Morphine is a potent analgesic and is often treated as the opiate prototype. Up to 44% of chronic pain patients are prescribed an opiate for pain alleviation.[1] Through reward pathway activation, morphine treats pain, but there is also a risk of opioid addiction.[2] It is estimated that of the 76 million adults were prescribed opioid drugs in 2016 to 2017, and 12% reported opioid misuse, often the first step leading to addiction.[3] In 2017, United States recorded 47,506 opioid deaths (13.21 per 100,000, up from 2.20 in 2004).[4] Withdrawal is often difficult, and relapse rates are high.

We briefly report the case of an 80-year-old patient who was previously diagnosed with chronic foot pain and treated with opiate medication for longer than a decade. She has had numerous previous foot and ankle surgeries, including arthroscopy, neuroma excision, and Achilles tendon lengthening; however, she continued to have chronic foot pain, mostly affecting the medial and dorsal aspects of her foot, which she described as a constant burning sensation with intermitted superimposed sharp pain. The pain was neuropathic in nature and 7/10 in severity on a 10-point scale, with exacerbation up to 10/10 with touch and activity. She was managed with increased doses of opiates, and she has been taking 80 mg of morphine equivalents for the 10 years preceding her presentation. Previous attempts of weaning down opioid doses failed due to the persistence of pain.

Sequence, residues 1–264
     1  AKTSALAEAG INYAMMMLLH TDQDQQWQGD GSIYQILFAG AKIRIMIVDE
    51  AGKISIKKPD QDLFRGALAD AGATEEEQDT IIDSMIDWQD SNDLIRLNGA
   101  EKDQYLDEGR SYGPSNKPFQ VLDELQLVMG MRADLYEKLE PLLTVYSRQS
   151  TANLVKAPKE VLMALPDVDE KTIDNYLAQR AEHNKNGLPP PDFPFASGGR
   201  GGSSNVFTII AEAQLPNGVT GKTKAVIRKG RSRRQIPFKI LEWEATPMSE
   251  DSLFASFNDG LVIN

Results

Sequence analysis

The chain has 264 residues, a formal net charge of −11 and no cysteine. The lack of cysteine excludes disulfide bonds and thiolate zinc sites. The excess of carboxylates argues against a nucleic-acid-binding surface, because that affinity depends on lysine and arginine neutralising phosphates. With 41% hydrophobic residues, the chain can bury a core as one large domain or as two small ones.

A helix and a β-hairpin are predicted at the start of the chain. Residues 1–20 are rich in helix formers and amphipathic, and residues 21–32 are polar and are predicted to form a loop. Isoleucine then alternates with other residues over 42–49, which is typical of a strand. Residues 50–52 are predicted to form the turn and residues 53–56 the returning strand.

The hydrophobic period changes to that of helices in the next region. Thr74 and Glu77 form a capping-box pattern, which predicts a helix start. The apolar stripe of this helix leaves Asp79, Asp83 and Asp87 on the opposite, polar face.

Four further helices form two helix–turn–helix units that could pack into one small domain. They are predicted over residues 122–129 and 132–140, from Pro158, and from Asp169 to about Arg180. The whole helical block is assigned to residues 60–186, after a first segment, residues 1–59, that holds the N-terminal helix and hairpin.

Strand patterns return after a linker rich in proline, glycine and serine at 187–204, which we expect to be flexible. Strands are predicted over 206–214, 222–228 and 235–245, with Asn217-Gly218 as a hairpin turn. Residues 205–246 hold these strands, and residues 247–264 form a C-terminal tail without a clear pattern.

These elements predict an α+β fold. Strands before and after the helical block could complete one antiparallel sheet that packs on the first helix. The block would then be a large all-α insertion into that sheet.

Most recently, this patient enrolled in a detoxification program targeting opioid detoxification within 1 to 2 weeks. This program uses a combination of weak opioids, benzodiazepines, promethazine, and possibly buprenorphine-naloxone (Saboxone), during outpatient treatment. Given the previous failure of detoxification and refractory pain, the patient underwent injection therapy to address her pain. Previous cases demonstrate prolonged nerve blockade using the dexmedetomidine and dexamethasone (Dex-Dex) combo.[5] [6] [7] She was given an adductor canal block, using a mixture of 0.2% ropivacaine with 5 mg preservative-free dexamethasone and 25 mcg of dexmedetomidine, alongside a popliteal block with local anesthetic and dexamethasone, to achieve full coverage. We decided to not use the Dex-Dex combo for the popliteal fossa block, given its ability to produce an unpredictably long sensory blockade along the common peroneal distribution.